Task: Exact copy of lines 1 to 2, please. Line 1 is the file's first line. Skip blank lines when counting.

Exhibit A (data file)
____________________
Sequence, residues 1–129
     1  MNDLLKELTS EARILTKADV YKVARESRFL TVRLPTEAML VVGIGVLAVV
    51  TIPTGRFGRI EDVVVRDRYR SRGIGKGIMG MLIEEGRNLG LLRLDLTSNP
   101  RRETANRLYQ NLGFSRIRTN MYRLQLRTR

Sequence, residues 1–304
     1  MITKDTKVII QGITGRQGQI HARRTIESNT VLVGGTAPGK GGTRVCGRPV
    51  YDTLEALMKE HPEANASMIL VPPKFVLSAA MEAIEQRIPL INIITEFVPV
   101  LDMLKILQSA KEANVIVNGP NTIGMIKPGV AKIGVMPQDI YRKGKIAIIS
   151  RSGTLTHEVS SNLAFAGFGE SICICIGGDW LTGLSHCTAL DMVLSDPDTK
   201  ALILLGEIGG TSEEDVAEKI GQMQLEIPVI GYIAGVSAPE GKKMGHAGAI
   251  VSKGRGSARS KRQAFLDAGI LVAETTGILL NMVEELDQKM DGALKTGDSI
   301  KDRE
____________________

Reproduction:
Sequence, residues 1–129
     1  MNDLLKELTS EARILTKADV YKVARESRFL TVRLPTEAML VVGIGVLAVV